“The way I see it, there are two types of bait here: threadfin shad and blue-back herring,” he explained. “The bass in the grass are eating threadfin, which live shallower but don’t provide as much protein. The herring live out deeper and are richer in protein, therefore bass eating those herring are remarkably fatter.”
But here’s the catch, so to speak: The deeper, herring-oriented bass are much harder to catch.
“And that’s the problem,” Wilbanks continued. “Day in and day out, those shallow grass fish are probably much more reliable, but they’re skinny. The deeper herring bass are fatter, but trying to make them bite out there in 20 and 25 feet of water will drive you crazy. Today I got fortunate and got a few of them to bite.”
Like Wilbanks, Mann is also from Lake Lanier and they are both in the top five. Coincidence? Hardly. Even though Lake Lanier is known for its spotted bass population, it, too, has blue-back herring, and the way the blue-backs behave in both Lanier and Clarks Hill are very similar.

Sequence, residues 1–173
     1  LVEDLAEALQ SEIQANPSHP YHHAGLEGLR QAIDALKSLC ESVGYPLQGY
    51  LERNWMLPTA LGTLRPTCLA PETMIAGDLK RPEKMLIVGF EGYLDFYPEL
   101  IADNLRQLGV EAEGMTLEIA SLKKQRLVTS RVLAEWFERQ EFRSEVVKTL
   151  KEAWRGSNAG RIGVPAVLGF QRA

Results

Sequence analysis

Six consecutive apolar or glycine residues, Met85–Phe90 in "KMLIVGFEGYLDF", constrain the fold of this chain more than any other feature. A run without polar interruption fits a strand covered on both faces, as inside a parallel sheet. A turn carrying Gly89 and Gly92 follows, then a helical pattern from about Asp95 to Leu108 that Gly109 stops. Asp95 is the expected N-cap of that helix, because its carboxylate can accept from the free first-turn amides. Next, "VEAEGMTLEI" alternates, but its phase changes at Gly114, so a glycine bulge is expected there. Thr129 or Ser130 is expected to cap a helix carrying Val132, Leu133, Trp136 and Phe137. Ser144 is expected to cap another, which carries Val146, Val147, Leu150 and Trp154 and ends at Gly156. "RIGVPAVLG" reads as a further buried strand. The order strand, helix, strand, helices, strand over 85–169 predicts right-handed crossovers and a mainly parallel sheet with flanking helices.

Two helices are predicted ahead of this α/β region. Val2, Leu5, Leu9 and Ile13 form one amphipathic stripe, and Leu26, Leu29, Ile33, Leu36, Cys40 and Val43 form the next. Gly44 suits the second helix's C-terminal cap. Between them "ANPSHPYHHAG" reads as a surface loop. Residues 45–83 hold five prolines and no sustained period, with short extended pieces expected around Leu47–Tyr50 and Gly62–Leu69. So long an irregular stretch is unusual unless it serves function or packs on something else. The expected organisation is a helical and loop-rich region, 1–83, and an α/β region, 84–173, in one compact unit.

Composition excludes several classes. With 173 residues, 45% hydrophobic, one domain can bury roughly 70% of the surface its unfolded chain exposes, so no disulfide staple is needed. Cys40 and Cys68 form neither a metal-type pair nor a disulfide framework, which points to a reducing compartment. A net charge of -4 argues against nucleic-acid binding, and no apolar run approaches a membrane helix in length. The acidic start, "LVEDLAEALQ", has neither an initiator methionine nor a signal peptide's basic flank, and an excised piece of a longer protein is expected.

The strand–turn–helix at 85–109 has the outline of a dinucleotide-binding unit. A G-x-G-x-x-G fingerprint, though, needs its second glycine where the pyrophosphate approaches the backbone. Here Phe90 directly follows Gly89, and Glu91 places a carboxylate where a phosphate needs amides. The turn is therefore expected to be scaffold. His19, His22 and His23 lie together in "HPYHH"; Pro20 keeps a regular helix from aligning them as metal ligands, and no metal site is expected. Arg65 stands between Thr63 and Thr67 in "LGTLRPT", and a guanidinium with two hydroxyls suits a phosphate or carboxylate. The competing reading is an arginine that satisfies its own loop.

“I prefished here five days, and every time I went to the bank, all I caught was long, skinny fish,” Mann said. “So I decided to commit out deep and fish the way I fish back home at Lanier – offshore in 15 to 25 feet of water.
“During practice I found about 15 to 20 places out there, and those are the only places I’m fishing each day. I pull up on each one and make five or six throws, and if I don’t get a bite, I go to the next one. When I reach the end of my milk run, I go back to my first place and start over and run them all again. At some point during the day, I eventually run across them feeding and can get a few bites in row.”
Hutto is bouncing back and forth between shallow and deep places, but his local knowledge is really allowing him to score out deep where it counts.
“As a local angler, I’d actually like to see it get hot and sunny with a little bit of wind,” Hutto said. “That would help position my fish a little better while taking away the advantage that cloud cover is giving the shallow-water guys.”